At first, Yalli Avitan thought that one of her employees had moved the restaurant’s tip jar to empty it — that it had been misplaced after a busy dinner rush on Christmas night.

She didn’t want to believe that someone would take advantage of the bustle inside Judah Mediterranean Grille, the kosher takeout joint her father opened 10 years ago, to steal $250 from her hardworking staff.

But video surveillance held the truth: An unidentified man, under the pretext of reading a menu, snagged the jar and walked out of the Bustleton eatery with the smooth reflexes of someone who may have stolen before. He swiped about a week’s worth of tips meant for the four waitresses.

“Forget the money," Avitan, 39, said Friday during a quick break from plating falafel and shakshuka. "I hope he sees this and says, ‘What a fool I’ve been.' Maybe he’ll decide to do something good with it.”

Philadelphia police said the theft took place just after 6:30 p.m. Wednesday, when the dinner crowd in Judah’s was at its peak. Investigators didn’t have much more than the video from Avitan’s camera, which shows the thief wearing a distinctive knit hat with the words “I BELIEVE” sewn into it.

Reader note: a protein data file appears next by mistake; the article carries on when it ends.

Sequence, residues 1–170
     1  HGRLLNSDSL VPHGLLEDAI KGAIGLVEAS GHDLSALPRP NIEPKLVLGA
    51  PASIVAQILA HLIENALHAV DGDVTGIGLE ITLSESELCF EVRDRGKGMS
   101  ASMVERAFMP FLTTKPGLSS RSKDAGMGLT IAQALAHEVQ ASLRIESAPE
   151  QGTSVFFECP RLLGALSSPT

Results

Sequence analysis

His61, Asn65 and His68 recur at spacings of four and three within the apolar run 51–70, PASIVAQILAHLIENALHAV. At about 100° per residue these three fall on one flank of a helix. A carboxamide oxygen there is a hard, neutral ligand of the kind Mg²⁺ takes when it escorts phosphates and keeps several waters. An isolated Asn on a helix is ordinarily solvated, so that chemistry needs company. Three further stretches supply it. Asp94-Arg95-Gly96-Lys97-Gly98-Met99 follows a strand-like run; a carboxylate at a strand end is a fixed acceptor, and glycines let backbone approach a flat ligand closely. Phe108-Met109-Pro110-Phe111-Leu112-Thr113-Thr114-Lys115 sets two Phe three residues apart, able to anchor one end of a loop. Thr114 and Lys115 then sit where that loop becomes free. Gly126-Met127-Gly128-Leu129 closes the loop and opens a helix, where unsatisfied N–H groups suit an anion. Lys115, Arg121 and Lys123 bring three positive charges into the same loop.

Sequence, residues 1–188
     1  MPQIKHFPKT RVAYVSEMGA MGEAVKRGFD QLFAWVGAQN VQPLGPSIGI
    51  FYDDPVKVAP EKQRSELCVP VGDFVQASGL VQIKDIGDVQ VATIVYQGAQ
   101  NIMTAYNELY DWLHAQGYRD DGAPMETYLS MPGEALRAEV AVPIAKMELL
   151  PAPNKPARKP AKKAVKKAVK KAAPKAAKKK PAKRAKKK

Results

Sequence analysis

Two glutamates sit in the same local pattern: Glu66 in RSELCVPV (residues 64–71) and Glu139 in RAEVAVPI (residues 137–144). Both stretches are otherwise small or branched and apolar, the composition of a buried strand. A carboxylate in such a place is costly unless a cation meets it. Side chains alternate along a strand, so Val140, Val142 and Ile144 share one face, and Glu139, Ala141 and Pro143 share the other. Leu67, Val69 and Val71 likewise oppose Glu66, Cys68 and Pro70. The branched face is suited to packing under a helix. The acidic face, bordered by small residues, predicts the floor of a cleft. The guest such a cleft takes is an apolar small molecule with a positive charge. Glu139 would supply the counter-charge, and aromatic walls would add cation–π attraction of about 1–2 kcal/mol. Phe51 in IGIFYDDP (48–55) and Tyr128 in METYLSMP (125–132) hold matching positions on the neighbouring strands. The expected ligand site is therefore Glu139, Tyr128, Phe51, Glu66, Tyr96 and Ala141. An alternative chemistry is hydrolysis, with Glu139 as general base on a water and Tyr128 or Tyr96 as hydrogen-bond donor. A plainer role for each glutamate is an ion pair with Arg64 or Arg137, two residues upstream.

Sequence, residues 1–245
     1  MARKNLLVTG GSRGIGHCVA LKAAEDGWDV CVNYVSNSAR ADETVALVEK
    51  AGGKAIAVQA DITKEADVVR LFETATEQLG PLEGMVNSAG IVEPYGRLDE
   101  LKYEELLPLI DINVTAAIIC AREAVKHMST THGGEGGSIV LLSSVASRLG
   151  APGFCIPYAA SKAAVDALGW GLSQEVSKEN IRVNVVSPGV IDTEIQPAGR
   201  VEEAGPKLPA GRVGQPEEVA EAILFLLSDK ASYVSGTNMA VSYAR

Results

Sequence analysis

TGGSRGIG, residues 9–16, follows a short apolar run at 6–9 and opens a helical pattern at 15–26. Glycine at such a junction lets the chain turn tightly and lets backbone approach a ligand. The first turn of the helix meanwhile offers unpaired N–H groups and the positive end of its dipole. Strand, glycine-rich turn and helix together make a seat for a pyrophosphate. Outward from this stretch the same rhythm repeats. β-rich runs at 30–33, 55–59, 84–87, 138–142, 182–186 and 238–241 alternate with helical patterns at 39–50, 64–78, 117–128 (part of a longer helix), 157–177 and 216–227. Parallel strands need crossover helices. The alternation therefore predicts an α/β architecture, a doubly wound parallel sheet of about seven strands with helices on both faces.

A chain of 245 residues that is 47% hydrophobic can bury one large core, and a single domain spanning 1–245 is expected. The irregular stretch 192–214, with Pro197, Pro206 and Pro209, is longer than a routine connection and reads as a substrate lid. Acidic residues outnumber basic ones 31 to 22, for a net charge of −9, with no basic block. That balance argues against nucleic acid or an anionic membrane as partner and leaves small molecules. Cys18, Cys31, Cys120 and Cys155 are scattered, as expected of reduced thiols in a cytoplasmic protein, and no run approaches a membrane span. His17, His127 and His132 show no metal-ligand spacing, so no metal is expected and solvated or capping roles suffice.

That hat helped investigators spot the suspect in surveillance footage taken next door, at the Royal Passion Restaurant. He went there first and, not finding a tip jar at the mostly empty business, headed next door. Police said the investigation was ongoing.

“When I realized what happened, I was hurt,” Avitan said. “Especially on Christmas Day, when people are putting in hours that they could be spending with their families.”

After posting the video to local Facebook groups, Avitan said, amateur sleuths claimed to have identified the thief. But she was reluctant to give details, waiting for police to make the arrest.

In the meantime, life went on Friday inside the restaurant, in a strip mall on Krewstown Road.

Judah Avitan, who came to Philadelphia 30 years ago from Jerusalem, opened the restaurant a decade ago. In 2014, after his legs were amputated due to complications from diabetes, his eponymous restaurant was taken over by his oldest daughter.

It was a smooth transition: She had spent most of her life working in the kitchens at her father’s restaurants, starting with the long-closed Shish Kebab on Spruce Street in Center City.

“This is a family passion,” she said. “And thank God I like what I’m doing, because it’s a lot of work.”

Wednesday’s theft was the first time any of her father’s eateries had been victimized, she said.

“With enough people sharing this video online, I hope something comes out of this,” she said. “I hope he sees it himself, and even if he doesn’t turn himself in, maybe he’ll think twice before doing something like this again.”